These pointers will help you build good relationships with industry experts and maximize the content you can create from the interview.
A thought leader interview is the Holy Grail of content creation. Thought leaders have add a level of authority — and even celebrity — to content, which entices web readers and search crawlers alike. The mere presence of trusted experts associates your brand with great people and great ideas. However, since these leaders are often in high demand, getting an interview can be difficult. That’s why it’s crucial to squeeze every drop out of interviews.
Since thought leaders are asked the same questions repeatedly, they’ll often lapse into scripted answers. Your goal is to extract unique insights that haven’t been shared elsewhere, so avoid relying on questions that they’ve already answered.
To do: Read everything you can find on your source and his or her company. Not only will this help clue you in to when your interviewees goes on script, it should help you come up with questions that have yet to be asked.
Thought leader interviews can act as launchpads for multiple posts. For this reason, smart writers ask questions about many topics instead of focusing on a single one. Approach the interview as a chance to generate a big pile of source material.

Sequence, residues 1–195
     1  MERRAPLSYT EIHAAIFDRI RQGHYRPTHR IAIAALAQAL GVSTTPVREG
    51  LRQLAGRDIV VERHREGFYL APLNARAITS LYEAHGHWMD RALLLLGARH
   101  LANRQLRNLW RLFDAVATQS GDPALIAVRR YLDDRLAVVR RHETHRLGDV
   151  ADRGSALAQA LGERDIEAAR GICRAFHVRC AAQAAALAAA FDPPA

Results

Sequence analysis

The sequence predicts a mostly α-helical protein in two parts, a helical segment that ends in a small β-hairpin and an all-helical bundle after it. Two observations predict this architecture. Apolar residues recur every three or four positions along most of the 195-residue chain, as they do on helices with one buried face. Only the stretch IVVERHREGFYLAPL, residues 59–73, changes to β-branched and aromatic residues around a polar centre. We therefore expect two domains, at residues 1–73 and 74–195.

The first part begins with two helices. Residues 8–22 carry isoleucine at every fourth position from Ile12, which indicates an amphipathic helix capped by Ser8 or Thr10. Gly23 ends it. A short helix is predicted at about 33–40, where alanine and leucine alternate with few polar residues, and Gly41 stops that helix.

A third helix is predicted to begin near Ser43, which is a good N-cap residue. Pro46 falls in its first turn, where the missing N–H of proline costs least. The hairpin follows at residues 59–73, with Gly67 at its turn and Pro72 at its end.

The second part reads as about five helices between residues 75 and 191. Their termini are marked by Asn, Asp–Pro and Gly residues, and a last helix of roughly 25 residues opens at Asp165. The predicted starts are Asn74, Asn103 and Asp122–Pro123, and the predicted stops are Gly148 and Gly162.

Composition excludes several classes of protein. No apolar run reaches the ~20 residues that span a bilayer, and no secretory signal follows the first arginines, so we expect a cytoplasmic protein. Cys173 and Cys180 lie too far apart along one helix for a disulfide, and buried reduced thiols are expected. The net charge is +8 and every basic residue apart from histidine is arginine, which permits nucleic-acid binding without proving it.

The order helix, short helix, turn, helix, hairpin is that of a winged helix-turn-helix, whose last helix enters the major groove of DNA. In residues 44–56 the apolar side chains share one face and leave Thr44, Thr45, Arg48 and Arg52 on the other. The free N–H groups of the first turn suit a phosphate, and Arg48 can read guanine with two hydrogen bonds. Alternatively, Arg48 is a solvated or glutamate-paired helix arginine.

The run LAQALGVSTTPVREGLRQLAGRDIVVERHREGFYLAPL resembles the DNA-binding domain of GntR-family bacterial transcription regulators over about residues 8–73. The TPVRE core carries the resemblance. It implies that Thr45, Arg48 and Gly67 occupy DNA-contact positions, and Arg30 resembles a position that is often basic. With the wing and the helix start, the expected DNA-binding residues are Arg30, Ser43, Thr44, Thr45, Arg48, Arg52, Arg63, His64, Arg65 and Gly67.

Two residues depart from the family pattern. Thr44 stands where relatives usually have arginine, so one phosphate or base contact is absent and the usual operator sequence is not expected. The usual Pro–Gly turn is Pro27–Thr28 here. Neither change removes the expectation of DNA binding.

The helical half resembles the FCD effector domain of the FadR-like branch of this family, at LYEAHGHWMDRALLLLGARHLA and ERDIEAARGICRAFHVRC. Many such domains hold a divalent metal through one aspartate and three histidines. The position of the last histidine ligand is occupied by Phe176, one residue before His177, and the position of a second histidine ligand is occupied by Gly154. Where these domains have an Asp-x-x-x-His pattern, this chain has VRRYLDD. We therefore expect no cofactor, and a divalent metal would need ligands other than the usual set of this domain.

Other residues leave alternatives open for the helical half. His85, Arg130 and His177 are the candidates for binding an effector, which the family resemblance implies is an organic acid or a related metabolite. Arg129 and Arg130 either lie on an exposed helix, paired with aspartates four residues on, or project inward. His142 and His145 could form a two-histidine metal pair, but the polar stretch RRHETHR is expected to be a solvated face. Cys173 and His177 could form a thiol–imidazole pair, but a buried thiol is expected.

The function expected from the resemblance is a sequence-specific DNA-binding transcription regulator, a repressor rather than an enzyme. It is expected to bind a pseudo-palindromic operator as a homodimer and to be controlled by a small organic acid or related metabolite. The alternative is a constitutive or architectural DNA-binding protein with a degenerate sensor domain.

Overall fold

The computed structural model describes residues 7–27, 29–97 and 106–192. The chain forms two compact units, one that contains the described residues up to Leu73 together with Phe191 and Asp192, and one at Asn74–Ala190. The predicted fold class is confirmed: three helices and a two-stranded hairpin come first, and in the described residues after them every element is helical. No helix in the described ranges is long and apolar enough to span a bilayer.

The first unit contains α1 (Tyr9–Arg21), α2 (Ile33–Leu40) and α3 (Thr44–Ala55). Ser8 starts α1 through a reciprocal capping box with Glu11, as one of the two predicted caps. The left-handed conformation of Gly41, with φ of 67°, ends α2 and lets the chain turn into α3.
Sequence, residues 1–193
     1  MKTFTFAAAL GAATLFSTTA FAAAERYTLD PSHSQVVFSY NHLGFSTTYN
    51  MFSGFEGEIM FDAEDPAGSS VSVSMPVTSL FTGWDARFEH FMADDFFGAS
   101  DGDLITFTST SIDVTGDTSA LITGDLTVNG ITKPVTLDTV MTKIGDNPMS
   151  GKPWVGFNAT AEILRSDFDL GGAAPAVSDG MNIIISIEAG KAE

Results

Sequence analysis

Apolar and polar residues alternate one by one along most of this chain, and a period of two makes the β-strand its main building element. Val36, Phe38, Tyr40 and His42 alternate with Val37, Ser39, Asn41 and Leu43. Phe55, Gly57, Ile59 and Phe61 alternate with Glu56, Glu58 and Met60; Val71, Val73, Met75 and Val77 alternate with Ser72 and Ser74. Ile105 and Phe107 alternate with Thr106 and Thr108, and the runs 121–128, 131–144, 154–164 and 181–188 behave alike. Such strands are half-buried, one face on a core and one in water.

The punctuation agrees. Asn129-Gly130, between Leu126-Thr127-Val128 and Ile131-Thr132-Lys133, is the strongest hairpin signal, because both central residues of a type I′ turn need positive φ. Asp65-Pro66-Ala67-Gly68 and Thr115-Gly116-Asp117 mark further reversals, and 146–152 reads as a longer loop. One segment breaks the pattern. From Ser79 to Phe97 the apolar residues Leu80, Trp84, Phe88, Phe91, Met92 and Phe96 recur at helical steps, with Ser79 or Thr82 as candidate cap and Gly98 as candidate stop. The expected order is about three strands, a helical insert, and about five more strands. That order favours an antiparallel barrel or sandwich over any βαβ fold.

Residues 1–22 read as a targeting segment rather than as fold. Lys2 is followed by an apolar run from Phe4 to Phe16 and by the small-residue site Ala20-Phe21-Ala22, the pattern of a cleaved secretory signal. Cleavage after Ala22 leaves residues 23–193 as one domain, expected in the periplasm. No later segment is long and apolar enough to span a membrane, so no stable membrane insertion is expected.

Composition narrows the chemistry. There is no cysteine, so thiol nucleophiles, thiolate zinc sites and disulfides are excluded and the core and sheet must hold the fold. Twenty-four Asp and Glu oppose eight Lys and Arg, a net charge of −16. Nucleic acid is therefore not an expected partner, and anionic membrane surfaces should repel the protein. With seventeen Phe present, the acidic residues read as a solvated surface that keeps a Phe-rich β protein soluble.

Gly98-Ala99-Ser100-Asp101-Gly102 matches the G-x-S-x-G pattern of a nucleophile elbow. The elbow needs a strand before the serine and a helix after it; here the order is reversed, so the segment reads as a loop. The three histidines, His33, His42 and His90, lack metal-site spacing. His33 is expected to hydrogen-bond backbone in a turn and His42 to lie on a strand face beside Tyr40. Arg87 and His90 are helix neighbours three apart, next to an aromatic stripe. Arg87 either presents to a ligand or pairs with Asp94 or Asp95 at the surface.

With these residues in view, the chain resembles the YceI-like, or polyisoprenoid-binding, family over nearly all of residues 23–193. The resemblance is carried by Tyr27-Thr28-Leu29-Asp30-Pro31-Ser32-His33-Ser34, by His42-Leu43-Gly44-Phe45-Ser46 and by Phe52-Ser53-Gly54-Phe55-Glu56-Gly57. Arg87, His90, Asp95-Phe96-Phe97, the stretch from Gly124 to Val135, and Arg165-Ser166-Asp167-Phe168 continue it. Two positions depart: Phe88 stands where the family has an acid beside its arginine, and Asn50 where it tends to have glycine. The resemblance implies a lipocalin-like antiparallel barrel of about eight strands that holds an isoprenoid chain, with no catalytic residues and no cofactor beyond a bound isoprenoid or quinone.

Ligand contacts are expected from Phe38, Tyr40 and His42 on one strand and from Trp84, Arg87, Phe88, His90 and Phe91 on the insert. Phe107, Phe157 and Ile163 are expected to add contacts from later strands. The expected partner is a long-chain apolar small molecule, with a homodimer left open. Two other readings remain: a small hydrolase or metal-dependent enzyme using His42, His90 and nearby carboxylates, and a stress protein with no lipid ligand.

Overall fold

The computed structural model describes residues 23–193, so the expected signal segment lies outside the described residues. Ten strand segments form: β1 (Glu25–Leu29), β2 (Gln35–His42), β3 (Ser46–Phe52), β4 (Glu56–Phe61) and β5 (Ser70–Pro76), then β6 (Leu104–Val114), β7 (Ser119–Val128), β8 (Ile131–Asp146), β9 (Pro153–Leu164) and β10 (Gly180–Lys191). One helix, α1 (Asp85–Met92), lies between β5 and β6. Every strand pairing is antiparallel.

To do: Conduct independent research on your subject and their organization. Do they have other areas of expertise/experience, other than the initial topic? Do they have past experiences — whether personal or professional — that haven’t been explored in interviews?
There are few things more embarrassing than issuing a correction — especially from prominent experts in your industry. Before you hit publish you’ll want to be certain that each detail, quote and paraphrased sentence is accurate. That’s why it’s best to record interviews. Thankfully, this crucial step is simple.
To do: Make use of your smartphone to record a phone conversation. Just be sure you ask for permission first. Run the recording through an online transcription application to convert your audio into text. Finally, email a copy of the quote you plan on using to your source — this will not only avoid misquoting, but the additional correspondence could generate even more great material.
After transcribing your interview, brainstorm a list of content you could create based on the interview.
To do: Create an interview post and blog posts supported by quotes and ideas from the interview. Within each posts, you can include audio or video snippets from the conversation to create a multimedia experience. It’s also good practice to divide the audio and video into clips, which are easily sharable over social media.
Thought leaders give interviews because they want to look good. Represent both sides of an argument if your thought leader said something debatable, but remember that crafting a “gotcha” piece isn’t going to lead to additional interviews. Most thought leaders appreciate the chance to share their ideas with writers whom they trust. Nothing helps freelance writers build their careers like gaining a good reputation as an interviewer.
What advice do you have for interviewing thought leaders? Share your thoughts with us in the comments section below.
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